[Cross-posted from dclure.org]
Way back in the spring of 2012, a couple months before we released the first version of Neatline, I drove up to Washington to give a little demo of the project to the folks at the Library of Congress. I had put together a couple of example exhibits for the presentation, but, the night before, I was bored and found myself brainstorming about Washington-themed projects. On a lark, I downloaded a scan of the 1823 facsimile of the Declaration of Independence from the National Archives website, and spent a couple hours tracing polygons around each one of the signatures at the bottom of the document. I showed the exhibit the next day, and had big plans to flesh it out and turn it into a real, showable project. But then I got swept up in the race to get the first release of Neatline out the door before DH2012 in Hamburg, and then sucked into the craziness of the summer conference season, and the project slipped down into the towering stack of things that I could never quite find time to work on.
For some reason, though, the idea popped back into my head a couple months ago – maybe because Menlo Park is submerged in a kind of permanent summer, and it pretty much always feels like a good time to eat ice cream and shoot off fireworks. After mulling it over for a couple weeks, I decided to resurrect it from the dead, spruce it up, and post it in time for the 4th of July. So, with two days to spare, here we go – an interactive edition of the Declaration of Independence, tightly coupled with three other “views” in an effort to add dimension to the original document:
- A full-text, two-way-linked transcription of the manuscript and the signatures at the bottom. Click on sentences in the transcription to focus on the corresponding region of the scanned image, or click on annotated blocks on the image to scroll the text.
- An interactive edition of Trumbull’s “Declaration of Independence” painting, with each of the faces outlined and interactively linked with the corresponding signature on the document.
- All of which is plastered on top of a map that plots out each of the signers’ hometowns on a custom Mapbox layer, which makes it easy to see how the layout of the signatures maps on to the geographic layout of the colonies. Which, by extension, tracks the future division between Union and Confederate states in the Civil War – Georgia and the Carolinas look awful lonely over on the far left side of the document.
Once I positioned the layers, annotated the signatures and faces, and plotted out the hometowns, I realized that I had painted myself into an interesting little corner from an information design standpoint – it was difficult to quickly move back and forth between the three main sections of the exhibit. In a sense, this is an inherent characteristic of deeply-zoomed interfaces. The ability to focus really closely on any one of the three visual grids – which is what makes it possible to mix them all together into a single environment – has the side effect of making the other two increasingly distant and inaccessible, more and more so the further down you go. For example, once you’ve focused in on Thomas Jefferson’s face in the Trumbull painting, it’s quite a chore to manually navigate to the corresponding signature on the document – you have to zoom back, pan the map up towards the scanned image, find the signature (often no easy task), and then zoom back down.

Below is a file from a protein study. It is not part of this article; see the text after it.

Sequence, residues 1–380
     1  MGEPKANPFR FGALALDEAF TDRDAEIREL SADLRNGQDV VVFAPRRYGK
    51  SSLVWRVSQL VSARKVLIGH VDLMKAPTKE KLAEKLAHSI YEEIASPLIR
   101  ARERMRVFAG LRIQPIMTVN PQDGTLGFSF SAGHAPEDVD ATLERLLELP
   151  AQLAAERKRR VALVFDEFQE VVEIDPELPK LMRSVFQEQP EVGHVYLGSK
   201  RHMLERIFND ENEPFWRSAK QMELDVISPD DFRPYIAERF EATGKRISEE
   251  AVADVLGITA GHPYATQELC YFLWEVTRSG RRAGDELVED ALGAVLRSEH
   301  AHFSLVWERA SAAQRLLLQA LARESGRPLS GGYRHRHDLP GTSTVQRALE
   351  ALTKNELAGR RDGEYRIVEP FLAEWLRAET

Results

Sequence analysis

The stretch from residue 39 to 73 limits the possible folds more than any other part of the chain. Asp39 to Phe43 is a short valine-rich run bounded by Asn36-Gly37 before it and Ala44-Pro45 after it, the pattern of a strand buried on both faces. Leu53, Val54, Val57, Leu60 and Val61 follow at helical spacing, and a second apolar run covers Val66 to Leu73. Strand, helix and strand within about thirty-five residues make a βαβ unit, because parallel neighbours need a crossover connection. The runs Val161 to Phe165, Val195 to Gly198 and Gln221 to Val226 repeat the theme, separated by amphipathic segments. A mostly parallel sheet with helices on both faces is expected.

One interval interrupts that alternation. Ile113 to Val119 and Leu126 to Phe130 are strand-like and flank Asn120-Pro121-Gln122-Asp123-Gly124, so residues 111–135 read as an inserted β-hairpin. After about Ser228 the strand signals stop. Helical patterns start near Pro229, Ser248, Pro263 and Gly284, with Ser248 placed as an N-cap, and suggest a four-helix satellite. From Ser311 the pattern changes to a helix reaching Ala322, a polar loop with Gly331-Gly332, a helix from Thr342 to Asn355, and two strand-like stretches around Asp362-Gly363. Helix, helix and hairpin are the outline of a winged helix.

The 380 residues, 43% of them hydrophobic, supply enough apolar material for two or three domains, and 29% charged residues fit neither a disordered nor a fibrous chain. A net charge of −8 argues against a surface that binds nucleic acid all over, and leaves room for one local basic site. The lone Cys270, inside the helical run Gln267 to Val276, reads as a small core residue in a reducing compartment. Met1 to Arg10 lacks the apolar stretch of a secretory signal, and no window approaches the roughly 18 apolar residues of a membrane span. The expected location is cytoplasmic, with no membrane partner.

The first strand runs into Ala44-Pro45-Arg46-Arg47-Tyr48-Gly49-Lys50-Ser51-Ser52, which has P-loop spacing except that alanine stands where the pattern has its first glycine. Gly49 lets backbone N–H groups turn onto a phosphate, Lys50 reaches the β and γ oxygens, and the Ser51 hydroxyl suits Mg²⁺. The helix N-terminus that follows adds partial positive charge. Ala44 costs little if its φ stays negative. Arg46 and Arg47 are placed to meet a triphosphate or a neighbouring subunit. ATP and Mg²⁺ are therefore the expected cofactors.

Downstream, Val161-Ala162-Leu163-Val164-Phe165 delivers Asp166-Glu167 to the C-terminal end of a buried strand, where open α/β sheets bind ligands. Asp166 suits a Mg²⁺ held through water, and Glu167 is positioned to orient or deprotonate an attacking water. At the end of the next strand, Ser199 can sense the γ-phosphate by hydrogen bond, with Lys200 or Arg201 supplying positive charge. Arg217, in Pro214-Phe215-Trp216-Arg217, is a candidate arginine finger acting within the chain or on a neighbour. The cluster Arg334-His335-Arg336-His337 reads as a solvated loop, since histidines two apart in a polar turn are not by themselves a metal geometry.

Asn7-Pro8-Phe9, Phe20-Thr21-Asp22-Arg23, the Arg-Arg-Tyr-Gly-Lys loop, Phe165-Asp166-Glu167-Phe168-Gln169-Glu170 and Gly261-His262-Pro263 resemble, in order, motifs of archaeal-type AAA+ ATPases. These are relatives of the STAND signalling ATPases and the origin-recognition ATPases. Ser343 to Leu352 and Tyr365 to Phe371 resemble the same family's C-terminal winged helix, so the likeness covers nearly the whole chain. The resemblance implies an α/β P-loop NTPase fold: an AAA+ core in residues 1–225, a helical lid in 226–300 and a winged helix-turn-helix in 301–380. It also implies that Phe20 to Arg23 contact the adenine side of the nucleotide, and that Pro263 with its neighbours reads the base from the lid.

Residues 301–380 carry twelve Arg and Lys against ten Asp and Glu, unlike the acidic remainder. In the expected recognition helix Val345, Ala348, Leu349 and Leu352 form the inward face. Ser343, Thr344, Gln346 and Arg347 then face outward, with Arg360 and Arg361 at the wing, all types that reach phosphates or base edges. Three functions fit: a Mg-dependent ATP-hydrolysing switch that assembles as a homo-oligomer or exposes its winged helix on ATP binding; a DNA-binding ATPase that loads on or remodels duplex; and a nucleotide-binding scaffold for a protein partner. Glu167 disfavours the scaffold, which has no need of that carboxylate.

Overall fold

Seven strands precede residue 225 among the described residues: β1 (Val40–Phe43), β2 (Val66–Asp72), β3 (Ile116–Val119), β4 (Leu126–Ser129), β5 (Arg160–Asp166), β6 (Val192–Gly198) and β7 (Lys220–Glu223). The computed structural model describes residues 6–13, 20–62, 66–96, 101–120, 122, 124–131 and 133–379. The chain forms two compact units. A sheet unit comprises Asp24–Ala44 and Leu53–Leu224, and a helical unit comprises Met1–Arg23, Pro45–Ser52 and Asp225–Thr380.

By default, when you hit the page, three top-level buttons in the right corner of the window link to the the three main sections of the exhibit – the hometowns plotted along the eastern seaboard, the declaration over the midwest, and the painting over the southeast. In addition to the three individual buttons, there’s also a little “rotate” button that automatically cycles through the three regions, which makes it easy to toggle around without looking away from the map to move the cursor:
More useful, though, it’s possible to bind any of the individual signers to the widget by clicking on the annotations. For example, if I click on Thomas Jefferson’s face in the painting, the name locks into place next to the buttons, which now point to the representations of that specific person in the exhibit – “Text” links to Jefferson’s signature, “Painting” to his face, and “Map” to Monticello:
Once you’ve activated one of the signers, click on the name to show an overlay with a picture and biography, pulled from a public domain book published by the National Park Service called Signers of the Declaration:
This is pretty straightforward on the map and document, where there’s always a one-to-one correspondence between an annotation and one of the signers. Things get more complicated on the map, though, where it’s possible for a single location to be associted with more than one signer. Philadelphia, for example, was home to Robert Morris, Benjamin Rush, Benjamin Franklin, John Morton, and George Clymer, so I had to write a little widget to make it possible to hone in on just one of the five after clicking the dot:
Last but not least, each sentence in the document itself is annotated and wired up with the corresponding text transcription on the left – click on the image to scroll the text, or click on the text to focus the image: